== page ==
You're a university student studying Business. You're taking one art class this semester just for fun. But you're only attending the class, not getting a grade for it. Another student in the class finds out that you're studying business, so she asks why you're taking this class. You respond:
I'm just auditing it, so it doesn't count toward my major.
When you take classes, you usually take them for credit. This means that you get a grade and the class counts toward your degree. But in most colleges and universities, you can also "audit" a class. This means that you just come to the class and listen to the lectures, but you don't get a grade and the class doesn't count toward your degree.
When you have a specific goal, something that "counts toward" that goal is officially recognized as a "point" that brings you closer to the goal. In many situations, there are some actions that "count toward" your goal and others that do not. For example, if you're a salesperson you may have a sales target. If you sell to new clients, the amount is added to your total sales amount, but things you sell to previous clients are not added. You would say:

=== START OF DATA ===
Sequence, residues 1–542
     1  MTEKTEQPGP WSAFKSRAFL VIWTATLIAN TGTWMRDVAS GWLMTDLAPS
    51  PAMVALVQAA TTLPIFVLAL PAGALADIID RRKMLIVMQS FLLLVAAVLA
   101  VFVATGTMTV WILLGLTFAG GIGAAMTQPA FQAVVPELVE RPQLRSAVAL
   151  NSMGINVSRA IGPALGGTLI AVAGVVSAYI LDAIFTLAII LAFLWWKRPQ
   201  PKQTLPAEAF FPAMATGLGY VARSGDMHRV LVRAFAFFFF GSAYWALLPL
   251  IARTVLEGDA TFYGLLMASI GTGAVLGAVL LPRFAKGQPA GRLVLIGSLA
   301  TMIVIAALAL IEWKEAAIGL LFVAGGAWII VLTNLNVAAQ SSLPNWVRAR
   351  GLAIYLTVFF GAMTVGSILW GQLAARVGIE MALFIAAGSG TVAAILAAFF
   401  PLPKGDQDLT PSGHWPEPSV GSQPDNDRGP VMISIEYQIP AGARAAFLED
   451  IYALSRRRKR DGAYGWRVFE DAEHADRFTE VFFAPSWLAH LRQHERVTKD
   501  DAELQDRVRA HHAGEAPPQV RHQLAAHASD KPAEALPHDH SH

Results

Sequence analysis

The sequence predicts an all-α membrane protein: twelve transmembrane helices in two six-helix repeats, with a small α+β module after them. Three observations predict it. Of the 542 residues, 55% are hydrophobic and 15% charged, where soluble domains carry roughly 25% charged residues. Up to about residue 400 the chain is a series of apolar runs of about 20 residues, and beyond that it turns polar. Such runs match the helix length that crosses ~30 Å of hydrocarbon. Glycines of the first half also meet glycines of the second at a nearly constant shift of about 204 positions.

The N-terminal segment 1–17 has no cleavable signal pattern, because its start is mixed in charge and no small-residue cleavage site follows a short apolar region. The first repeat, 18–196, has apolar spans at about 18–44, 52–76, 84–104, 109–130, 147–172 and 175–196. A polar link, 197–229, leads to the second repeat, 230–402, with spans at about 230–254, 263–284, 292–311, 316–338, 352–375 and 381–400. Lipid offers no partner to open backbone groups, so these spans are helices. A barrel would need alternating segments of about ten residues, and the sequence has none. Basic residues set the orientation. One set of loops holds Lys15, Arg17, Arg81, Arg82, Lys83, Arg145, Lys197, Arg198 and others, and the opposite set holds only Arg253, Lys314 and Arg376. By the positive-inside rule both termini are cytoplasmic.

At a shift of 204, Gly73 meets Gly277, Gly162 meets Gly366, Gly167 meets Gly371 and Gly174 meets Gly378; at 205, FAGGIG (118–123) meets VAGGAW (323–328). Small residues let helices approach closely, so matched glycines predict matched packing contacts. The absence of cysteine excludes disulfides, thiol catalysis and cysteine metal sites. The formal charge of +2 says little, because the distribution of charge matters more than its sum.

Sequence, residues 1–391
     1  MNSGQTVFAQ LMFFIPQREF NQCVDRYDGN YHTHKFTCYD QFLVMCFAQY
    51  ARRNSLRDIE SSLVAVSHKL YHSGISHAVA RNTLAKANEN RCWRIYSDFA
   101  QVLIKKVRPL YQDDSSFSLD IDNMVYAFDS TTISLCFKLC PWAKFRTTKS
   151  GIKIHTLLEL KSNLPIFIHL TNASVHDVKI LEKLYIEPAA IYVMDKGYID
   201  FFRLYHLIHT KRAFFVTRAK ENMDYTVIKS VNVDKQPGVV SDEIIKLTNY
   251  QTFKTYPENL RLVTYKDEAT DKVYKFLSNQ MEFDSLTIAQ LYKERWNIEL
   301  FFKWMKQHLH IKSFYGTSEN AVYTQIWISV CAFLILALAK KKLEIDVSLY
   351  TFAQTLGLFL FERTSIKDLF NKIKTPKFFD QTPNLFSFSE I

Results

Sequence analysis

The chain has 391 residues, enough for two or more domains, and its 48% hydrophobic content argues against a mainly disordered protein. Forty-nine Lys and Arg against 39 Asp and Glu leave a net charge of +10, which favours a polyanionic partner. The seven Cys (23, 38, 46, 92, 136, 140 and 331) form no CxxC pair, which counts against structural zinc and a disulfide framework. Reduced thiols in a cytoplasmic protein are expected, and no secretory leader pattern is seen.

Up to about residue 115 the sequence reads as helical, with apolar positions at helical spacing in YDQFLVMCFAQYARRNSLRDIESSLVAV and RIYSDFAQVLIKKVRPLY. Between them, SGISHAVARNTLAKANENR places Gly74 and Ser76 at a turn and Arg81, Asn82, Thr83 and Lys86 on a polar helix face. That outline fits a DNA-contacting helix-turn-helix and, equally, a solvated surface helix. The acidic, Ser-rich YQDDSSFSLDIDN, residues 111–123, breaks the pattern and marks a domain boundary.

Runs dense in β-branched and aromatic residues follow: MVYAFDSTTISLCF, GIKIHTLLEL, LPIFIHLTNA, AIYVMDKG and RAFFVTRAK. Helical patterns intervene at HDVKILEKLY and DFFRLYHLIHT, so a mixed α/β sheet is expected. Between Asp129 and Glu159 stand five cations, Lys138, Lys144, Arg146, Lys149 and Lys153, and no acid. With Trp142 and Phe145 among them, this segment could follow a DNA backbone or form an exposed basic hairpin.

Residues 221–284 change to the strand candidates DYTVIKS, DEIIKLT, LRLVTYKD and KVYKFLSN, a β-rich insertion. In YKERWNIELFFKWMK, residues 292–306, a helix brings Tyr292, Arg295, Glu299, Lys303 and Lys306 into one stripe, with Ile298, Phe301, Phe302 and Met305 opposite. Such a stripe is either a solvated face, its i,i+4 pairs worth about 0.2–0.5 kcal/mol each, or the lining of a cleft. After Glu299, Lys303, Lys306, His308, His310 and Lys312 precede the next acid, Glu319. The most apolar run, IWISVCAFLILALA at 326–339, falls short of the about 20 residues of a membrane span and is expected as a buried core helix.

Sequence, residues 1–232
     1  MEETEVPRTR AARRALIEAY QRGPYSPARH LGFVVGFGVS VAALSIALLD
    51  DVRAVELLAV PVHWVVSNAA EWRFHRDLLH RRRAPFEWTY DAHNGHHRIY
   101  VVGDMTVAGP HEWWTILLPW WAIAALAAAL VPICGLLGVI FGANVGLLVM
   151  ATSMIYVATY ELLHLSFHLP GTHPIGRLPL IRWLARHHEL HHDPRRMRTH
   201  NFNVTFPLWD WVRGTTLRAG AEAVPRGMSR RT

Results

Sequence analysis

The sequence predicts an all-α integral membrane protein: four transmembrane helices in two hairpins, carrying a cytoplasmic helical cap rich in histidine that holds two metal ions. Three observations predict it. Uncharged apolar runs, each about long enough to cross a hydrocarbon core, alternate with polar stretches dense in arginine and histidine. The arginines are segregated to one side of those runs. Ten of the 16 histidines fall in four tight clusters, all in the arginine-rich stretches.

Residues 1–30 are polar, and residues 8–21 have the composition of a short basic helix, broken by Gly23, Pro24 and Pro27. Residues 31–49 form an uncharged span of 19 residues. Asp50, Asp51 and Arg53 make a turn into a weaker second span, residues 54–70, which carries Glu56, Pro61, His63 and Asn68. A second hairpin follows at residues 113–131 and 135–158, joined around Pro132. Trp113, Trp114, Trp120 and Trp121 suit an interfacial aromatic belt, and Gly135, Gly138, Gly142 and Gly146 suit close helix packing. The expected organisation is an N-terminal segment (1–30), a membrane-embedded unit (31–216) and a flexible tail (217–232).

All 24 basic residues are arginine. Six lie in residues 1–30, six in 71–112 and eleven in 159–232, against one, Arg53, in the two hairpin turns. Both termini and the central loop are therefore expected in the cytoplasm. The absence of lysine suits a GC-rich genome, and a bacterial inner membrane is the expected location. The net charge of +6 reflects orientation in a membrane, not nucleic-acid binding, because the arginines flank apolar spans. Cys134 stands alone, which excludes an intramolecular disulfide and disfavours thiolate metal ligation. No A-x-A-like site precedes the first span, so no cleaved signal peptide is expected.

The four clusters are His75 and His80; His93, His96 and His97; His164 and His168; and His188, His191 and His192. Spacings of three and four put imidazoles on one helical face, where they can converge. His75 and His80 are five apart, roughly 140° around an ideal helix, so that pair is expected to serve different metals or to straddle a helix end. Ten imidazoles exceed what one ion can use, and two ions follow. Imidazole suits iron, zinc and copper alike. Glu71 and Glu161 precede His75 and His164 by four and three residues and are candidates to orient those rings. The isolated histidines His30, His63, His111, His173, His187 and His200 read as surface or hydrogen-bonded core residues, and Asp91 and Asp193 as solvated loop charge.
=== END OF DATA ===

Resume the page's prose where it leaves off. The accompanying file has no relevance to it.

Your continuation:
Sales to existing clients don't count toward my weekly sales targets.
Your major is the field that you get a degree in. Example majors are Biology, History, Psychology, Engineering, Computer Science, Business, etc. Students who are meeting each other for the first time often ask:
What's your major?
"Major" is usually just used to talk about a person's undergraduate college or university degree.
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